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Understanding mental illness.

gocat

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As a child i never really understood why my mum acted the way she did. She like me was mentally ill with schizoaffective disorder (Bi-polar and schizophrenia). I never understood why she was so violent, so brave or why she had so much faith in me. Some of the things she would say were extreme. The best way to explain it was she had a big your not my Son thing going on. I have to admit it would embarrass me a little. As a adult i can never fully understand her struggle but respect her more. For example she was only rarely in the psychiatric hospital even though she had to deal with my Dad who was a very horrible, nasty individual. I haven't seen her since i was a child but i have memories and my love for her has grown and respect as i have grown. I will never fully be able to understand what she went through etc but i think i understand a little. It is impossible virtually i believe to understand what someone with a mental illness is going through we can just gain vague glimpses and insights into their psyche.
 

highlander

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My mom had borderline personality disorder. It was extremely difficult to live with so when I went to college, I just left.

After dealing with dad's passage, we are having problems with my brother who refuses to move out of the house. Until recently, he hadn't worked for 40 years. He studied physics on his own. He calls that work The behavior I have seen is surprising: constant lying, delusional thinking, entitlement, selfishness, making things up about others and then spreading those lies, stealing, blaming everyone else for his predicament, and manipulation with me others to make us feel bad. All indications are that he suffers from narcissistic personality disorder. I bought a condo for him but he refuses to move into it. It has been highly destructive to the family. And this is a guy who does the weekly readings at church.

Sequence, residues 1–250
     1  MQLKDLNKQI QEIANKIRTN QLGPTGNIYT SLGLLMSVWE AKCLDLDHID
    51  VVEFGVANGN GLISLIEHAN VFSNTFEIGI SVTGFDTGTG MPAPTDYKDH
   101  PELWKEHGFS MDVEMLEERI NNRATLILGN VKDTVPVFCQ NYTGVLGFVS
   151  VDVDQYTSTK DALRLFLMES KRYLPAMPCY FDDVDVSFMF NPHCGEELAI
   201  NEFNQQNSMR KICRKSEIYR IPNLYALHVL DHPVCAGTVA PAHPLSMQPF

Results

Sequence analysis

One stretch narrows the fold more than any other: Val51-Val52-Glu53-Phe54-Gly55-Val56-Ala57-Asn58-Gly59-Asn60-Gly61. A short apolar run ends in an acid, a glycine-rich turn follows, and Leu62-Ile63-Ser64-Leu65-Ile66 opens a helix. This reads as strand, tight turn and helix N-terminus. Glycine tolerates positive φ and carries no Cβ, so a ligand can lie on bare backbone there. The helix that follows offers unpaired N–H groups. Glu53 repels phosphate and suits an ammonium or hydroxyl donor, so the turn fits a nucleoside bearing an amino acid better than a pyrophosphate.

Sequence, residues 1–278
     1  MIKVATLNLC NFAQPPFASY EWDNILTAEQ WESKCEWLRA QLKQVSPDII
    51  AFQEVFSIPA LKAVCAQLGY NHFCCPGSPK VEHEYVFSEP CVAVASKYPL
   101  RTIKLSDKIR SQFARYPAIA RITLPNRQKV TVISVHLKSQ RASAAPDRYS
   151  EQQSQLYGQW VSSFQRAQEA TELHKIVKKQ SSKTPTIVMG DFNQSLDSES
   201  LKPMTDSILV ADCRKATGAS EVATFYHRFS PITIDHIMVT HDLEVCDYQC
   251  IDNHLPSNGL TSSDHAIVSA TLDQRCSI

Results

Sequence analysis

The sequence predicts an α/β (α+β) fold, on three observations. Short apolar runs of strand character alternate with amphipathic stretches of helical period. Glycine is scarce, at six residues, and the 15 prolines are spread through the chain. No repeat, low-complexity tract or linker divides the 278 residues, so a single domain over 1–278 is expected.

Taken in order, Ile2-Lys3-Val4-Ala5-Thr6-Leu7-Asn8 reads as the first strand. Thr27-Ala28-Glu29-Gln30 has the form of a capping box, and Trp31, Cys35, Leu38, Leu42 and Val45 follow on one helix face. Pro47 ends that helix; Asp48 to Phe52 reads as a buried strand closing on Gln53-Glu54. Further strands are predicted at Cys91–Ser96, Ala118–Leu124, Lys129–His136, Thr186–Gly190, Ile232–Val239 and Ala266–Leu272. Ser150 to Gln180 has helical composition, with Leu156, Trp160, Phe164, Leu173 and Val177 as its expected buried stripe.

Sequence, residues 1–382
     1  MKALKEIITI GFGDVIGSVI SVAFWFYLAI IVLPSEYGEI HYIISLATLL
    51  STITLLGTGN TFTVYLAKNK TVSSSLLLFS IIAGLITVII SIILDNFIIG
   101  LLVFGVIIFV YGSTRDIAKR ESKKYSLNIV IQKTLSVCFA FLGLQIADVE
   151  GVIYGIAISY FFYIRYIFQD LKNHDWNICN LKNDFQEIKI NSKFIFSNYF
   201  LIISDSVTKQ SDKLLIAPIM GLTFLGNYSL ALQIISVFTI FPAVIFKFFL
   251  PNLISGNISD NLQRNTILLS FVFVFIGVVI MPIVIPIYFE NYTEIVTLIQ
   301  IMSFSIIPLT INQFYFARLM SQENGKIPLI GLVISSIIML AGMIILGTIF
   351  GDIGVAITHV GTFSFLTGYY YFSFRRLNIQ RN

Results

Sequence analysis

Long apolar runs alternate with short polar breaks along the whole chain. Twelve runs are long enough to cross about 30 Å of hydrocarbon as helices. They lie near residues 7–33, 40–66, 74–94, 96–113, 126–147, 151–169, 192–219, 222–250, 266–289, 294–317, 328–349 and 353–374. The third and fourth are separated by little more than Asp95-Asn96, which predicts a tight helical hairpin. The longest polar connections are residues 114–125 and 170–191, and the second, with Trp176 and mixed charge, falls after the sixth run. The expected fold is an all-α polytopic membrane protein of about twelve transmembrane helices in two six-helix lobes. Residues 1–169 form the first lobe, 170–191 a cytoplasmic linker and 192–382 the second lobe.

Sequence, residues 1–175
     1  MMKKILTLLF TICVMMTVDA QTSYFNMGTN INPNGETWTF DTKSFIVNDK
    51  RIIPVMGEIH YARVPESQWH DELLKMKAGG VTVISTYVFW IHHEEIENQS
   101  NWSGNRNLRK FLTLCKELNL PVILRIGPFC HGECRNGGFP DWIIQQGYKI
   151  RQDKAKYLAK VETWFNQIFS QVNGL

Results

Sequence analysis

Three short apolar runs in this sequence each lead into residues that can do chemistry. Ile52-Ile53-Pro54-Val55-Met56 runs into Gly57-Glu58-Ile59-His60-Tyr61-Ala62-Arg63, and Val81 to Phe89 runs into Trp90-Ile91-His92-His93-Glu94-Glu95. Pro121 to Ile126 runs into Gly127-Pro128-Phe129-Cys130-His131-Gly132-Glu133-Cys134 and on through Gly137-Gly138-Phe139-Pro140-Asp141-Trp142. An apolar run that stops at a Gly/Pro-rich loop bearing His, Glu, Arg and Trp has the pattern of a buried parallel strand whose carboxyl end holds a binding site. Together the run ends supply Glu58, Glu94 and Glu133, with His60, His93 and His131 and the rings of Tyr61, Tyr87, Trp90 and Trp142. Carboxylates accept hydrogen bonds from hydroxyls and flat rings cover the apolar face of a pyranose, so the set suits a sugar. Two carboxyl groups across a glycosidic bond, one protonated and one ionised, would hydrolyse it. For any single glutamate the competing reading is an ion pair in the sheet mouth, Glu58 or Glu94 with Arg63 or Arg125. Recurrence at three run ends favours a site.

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Siúil a Rúin

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I've spent years studying psychology and was even in a masters in counseling for a year, but I keep feeling dumbfounded by human behavior. I know a lot of the mental illness categories, but people are more complex still.

I still don't understand my childhood. My mother had severe mental illness when she descended into dementia, but paranoid disorders could have been present earlier. She suffered beyond words I could convey. She would sob and rant, say things that made no sense, and I would try to comfort her, but it was like she couldn't even see me. My parents divorced bitterly when I was a toddler, and I grew up hearing my father was a monster. I spent his last years with him, and he wasn't a monster, but several people on that side of the family are strongly narcissistically inclined, so I have no idea what happened or who anyone was.